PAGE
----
I've been getting some random shutdowns while playing hardware intensive games (like crysis) lately. The computer simply shuts down and I have to wait a while before it can be turned on again. I've been monitoring the temperature of my components and here are the results (all at full load):

motherboard (Gigabyte GA-MA780G-UD3H) - between 45 and 50°C
CPU (AMD phenom II 710, overclocked @ 3.2ghz) - between 40 and 45°C
GFX card (geforce gtx 260) - between 65 and 75°C

I did some research on temperatures for these three and apparently they're all ok. So I'm wondering if anyone could tell me what else could be the reason for this kind of PC "behavior"?

Now I've done some mem-testing and apparently there's something wrong with two of my ram slots (i got like 100 errors per second with one or both of these occupied). Does this necceseraly mean the slots are "dead" or could the reason for this be elsewhere?

Sometimes when you overclock the CPU the Front Side Bus get's overclocked also along with RAM. You might have simply damaged the RAM. What brand of RAM is it. Usually there are only certain brands you want to use for overclocking. OCZ, Mushking, etc...
My guess would be faulty RAM before a faulty motherboard. Are both Dimms giving you errors, you could try switching out the stick that is not giving you errors into the other slot to eliminate a problem with the Motherboard.

I agree with josmcc, your cpu may not be able to take that high of an overclocking level, or your gpu may be the problem. Do you get the BSoD? and if so, what is the error message and how long does it take to dump the physical memory?

I never got a BSOD, the computer just shuts down. About the RAM... I'm quite certain it's not damaged, because every stick passed memtest when in the first two slots, but i get thousands of errors in the other two slots. But wouldn't a faulty ram slot cause me other problems aswell (ive used all 4 slots for about 1 week (the motherboard is new) without any weird behavior, then after the first crash i started looking into it)? I'm getting really confused. I also forgot to mention that my computer has an old PSU (550W), could this be the cause of any problems?

I have just recently been dealing with a busted RAM issue, so I can sympathize. In my case, it was a bad stick, but the result was as you described, i.e. random shutdowns, sometimes of the program, sometimes of the whole computer. Also, in my case, while the computer just restarts, the BSOD does flash up briefly, though you'd have to be staring to catch it.

To answer your newest question, the faulty slots will only cause you trouble if you have RAM in them. Otherwise, no current will be pushed through the bad DIMMs, and no errors will occur. This assumes the problem is isolated to those DIMMs.

The power supply you have should be sufficient for the specs you listed (depending on the rest of the system, of course), and while age could be an issue, this is probably not the root cause of your problems.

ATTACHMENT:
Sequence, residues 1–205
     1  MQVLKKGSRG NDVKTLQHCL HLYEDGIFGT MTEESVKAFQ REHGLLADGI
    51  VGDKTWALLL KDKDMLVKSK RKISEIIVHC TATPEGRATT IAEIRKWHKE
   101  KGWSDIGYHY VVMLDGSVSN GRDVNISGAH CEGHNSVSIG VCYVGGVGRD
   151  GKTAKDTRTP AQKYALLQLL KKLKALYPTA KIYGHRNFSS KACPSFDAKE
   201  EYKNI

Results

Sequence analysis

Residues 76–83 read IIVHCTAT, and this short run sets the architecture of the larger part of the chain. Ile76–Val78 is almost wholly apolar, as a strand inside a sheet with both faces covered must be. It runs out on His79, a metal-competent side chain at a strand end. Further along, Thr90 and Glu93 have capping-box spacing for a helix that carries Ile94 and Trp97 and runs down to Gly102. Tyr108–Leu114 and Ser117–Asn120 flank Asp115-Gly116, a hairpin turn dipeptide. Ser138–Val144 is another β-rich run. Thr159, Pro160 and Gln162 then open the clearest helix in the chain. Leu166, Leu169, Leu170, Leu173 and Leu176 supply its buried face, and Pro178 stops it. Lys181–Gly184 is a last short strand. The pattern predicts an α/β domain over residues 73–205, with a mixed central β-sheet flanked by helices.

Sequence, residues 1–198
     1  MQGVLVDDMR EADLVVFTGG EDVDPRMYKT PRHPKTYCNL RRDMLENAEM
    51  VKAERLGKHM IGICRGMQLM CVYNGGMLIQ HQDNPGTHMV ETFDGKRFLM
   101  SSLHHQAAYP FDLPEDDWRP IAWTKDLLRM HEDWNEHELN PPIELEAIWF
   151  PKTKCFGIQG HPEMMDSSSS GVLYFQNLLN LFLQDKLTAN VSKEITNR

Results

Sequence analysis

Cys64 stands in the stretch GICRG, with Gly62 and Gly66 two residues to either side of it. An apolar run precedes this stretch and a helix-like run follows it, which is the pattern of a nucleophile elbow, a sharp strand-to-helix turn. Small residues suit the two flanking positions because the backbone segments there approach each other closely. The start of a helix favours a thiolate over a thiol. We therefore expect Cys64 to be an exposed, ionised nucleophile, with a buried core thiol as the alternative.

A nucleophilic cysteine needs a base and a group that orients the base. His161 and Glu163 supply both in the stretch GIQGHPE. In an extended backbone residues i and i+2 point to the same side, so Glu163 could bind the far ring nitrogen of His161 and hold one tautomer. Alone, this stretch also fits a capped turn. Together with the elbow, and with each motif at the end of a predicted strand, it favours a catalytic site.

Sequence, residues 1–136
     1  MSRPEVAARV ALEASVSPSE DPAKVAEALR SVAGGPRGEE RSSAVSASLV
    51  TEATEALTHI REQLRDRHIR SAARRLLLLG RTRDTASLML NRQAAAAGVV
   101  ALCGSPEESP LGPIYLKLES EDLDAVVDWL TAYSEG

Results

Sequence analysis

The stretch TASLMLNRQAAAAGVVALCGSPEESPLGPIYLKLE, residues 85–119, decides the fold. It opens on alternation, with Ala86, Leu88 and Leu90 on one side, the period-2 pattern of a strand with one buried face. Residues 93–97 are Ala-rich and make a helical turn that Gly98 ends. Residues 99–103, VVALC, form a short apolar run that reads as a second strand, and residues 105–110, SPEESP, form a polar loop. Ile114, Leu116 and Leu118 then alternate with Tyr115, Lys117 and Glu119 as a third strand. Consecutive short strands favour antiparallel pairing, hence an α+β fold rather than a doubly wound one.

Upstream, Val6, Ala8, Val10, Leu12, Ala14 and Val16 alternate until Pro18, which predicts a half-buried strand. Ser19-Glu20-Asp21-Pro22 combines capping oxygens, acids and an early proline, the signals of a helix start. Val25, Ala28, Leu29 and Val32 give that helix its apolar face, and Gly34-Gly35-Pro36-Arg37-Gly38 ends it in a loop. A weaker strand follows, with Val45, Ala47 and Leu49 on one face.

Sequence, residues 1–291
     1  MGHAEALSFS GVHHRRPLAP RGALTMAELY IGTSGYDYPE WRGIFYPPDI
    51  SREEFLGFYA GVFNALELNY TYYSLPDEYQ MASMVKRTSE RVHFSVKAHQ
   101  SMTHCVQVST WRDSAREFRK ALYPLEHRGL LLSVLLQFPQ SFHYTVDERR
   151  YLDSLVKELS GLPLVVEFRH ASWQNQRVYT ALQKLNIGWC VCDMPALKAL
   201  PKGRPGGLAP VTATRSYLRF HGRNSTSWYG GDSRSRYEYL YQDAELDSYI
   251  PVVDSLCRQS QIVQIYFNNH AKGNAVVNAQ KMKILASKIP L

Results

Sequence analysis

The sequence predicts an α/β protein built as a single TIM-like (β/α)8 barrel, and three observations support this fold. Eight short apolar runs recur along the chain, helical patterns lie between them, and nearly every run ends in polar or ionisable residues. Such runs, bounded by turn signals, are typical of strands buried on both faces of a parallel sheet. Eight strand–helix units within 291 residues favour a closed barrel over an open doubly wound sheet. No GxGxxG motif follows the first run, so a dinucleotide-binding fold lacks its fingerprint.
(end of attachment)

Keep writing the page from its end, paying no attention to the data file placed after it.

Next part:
If your board is new, you may want to send it in for replacement under warranty. Though if you don't plan to use the two bad RAM slots, you could just ignore it, and you'll likely be fine.

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Interesting stuff happening here. Yesterday i took the RAM out and placed it in the "faulty" slots again, ran memtest and got zero errors.

Interesting stuff happening here. Yesterday i took the RAM out and placed it in the "faulty" slots again, ran memtest and got zero errors.

never mad a good connection the last time ,i use a white [lead pencil] eraser to clean ram connections

I got a new "symptom" today twice. While i was playing a game, the PC froze completely. I did a "hard" reset but it didn't want to restart (just a black screen, no beeps or anything). I unpluged the power for a bit and after that i was able to start the PC again. Any ideas?

EDIT: When the PC didn't want to restart i could hear the fans starting to run, then it sounded like they stopped running for a sec and started again.. then stopped etc.

you could have a bad harddrive ,go to hdd the manufacturers web site and get a hdd utility and burn it to disk and boot to it and do the full scan

I'm getting really confused. I also forgot to mention that my computer has an old PSU (550W), could this be the cause of any problems?

Possibly, check the voltages during intensive use. It suprises me alot how people don't twig on to how often the PSU is actually the cause of problems... It's 1 of the 1st things I check now because alot of computers I've found end up with aging or faulty PSU which isn't supplying enough power to either 1 or multiple components, even 1 component not having enough voltage makes the entire system unstable. Sometimes it's just spikes of voltage, like most of the time it's giving it enough voltage & then it spikes a few times & then the computer goes. It's worth just testing another PSU just to see, it's sometimes a hassle, but a hassle that is worth it if the PSU is the cause of the problem. Save you running around looking at the RAM, HDD & all the other components.

You say it's during hardware intensive gaming, this makes sense, when all components need more voltage & thus power to run, really just try monitoring voltage or testing out a new PSU just to see.

Right, so I've tried putting another PSU in (a 650W) and it seems the problems are gone, so I'm marking this as solved. Thanks all for your help.